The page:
Perhaps it was his boyish charm or his boy-next-door smile. Maybe it was his kind demeanor or his enthusiasm for singing. But somehow in 2003, Clay Aiken—a Raleigh native, a graduate of UNC-Charlotte, a special education major before entering the entertainment business—surpassed thousands of hopeful, young singers to become the runner-up on American Idol 2, a show that works to demonstrate the process of the entertainment industry in sharply edited, one-hour segments.
In weeks, Aiken morphed from a bespectacled guy with red hair to a blonde-frosted, second-generation Manilow that made eager voters swoon with his eyes and his voice. He landed on the cover of Rolling Stone, scored a multi-million dollar record deal and became an overnight household name.
Three years after Aiken left the nest of American Idol 2, the same media frenzy that helped create his star status is now threatening his career.
After weeks of Internet buzz and speculation, the National Enquirer published on Feb. 6 the tale of John Paulus, 38, a Dunn native and former Green Beret who says he had a one-time sexual rendezvous with Aiken, 27, at the Quality Inn & Suites in Garner.
Since then, the story has spread as Paulus, gossip columnists and drive-time radio shows have kept the story alive. Bob Dumas, a host of G105's popular Showgram morning show, continues to heckle Aiken for being gay. Paulus has appeared on the Howard Stern Show and been quoted in the New York Post, the New York Daily News and in an explicit column written by Michael Musto in the Village Voice.
And last month a group of nine fans—who say they won't use their names for fear of retribution from loyal Claymates, as they are called—issued a press release saying they would sue Aiken, RCA and its parent company, Sony/BMG, for reimbursement of money spent on Aiken merchandise and concert tickets. They also said they would file a complaint with the Federal Trade Commission concerning RCA's marketing practices—promoting Aiken as something he may not be: a homegrown, North Carolina heterosexual. The San Francisco Examiner reports that such a complaint has been filed, though FTC complaints are not public record.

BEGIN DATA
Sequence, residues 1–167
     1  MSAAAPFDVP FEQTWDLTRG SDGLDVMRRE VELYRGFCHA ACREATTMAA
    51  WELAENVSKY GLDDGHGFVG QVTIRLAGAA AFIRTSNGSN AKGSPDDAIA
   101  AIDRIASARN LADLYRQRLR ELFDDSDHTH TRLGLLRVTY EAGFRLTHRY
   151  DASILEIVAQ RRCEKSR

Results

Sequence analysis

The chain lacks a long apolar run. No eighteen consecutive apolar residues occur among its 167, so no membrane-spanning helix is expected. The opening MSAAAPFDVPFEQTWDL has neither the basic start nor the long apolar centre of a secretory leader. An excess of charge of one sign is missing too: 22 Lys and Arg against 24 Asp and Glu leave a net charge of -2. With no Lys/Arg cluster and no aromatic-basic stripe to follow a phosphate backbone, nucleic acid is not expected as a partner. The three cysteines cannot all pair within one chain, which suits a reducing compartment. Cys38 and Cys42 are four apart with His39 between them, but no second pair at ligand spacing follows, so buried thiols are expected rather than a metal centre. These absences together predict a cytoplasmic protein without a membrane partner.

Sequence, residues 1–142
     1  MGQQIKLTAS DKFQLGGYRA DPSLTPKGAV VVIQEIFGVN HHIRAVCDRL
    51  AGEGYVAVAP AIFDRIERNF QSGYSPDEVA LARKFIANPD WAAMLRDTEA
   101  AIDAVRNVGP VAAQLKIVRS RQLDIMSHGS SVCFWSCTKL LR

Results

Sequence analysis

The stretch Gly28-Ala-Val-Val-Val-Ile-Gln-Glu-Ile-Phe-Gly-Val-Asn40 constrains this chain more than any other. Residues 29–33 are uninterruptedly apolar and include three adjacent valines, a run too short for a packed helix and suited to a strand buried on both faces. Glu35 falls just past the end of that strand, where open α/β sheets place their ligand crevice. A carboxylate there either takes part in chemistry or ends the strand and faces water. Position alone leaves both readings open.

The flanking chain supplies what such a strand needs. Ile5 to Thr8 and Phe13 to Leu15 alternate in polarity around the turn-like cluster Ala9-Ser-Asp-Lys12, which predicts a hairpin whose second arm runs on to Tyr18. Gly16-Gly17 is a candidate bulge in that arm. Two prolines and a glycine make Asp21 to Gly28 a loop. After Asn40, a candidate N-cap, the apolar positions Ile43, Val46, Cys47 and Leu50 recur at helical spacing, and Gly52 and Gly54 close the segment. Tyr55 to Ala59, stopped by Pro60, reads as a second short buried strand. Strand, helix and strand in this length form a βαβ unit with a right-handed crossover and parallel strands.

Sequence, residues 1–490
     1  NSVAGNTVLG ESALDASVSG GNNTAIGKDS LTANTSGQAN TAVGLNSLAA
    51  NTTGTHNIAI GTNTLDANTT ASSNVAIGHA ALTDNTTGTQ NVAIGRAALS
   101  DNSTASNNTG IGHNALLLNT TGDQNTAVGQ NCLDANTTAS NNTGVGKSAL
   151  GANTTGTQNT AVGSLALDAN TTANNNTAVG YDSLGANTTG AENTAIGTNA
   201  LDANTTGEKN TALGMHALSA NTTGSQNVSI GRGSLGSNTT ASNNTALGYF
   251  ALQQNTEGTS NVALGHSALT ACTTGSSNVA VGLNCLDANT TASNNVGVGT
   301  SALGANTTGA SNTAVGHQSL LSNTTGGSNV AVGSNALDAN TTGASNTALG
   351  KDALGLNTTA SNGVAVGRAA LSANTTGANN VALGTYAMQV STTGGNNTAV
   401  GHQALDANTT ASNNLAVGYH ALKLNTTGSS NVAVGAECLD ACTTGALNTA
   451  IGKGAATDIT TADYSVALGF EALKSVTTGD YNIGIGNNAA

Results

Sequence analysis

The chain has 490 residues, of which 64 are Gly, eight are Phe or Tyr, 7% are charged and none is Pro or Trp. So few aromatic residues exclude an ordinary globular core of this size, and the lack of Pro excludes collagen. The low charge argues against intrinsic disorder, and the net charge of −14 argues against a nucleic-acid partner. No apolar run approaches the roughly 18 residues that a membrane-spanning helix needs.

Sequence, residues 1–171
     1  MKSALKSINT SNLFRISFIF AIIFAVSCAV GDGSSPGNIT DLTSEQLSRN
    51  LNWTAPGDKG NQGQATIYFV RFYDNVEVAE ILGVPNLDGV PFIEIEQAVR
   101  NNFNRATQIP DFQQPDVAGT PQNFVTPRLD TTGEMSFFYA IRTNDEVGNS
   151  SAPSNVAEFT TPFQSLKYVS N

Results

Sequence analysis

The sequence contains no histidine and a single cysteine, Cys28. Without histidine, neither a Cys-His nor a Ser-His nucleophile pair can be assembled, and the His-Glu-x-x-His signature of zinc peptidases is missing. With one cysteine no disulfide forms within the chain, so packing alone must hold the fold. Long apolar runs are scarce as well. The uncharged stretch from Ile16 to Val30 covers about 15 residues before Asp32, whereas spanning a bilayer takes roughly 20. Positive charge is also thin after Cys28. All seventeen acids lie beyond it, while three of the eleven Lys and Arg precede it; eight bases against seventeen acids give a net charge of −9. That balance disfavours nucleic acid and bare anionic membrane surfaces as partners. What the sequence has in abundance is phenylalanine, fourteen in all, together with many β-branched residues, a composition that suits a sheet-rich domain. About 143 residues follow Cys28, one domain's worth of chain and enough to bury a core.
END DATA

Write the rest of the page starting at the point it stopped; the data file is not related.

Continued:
"As consumers, we feel ripped off," the nine fans said in a release sent through the World Entertainment News Network, which calls itself a London-based entertainment news service. "It is obvious now that the private Clay is very different from the manufactured packaged public Clay that was marketed to us."
Aiken's publicist, Roger Widynowski, declined to address the story, and e-mails sent by the Independent to Aiken at the address supplied by Paulus asking for response were not returned.
But so far there apparently have been no professional repercussions. Widynowski says Aiken is in the studio recording now and that RCA—the label that released Aiken's debut Measure of a Man in 2003 and his Christmas album, Merry Christmas with Love in 2004—hopes to release the as-yet-untitled disc in May or June as planned.
On Feb. 1, The Gospel Music Association announced that Aiken had been nominated for the Special Event Album of the Year Award for WoW Christmas Green, and association President John W. Styll says stories about Aiken's sexuality will not be a factor in determining if Aiken wins one of the association's Dove Awards. And online message boards and fansites devoted to Aiken still suffer no dearth of well-wishers or devotees.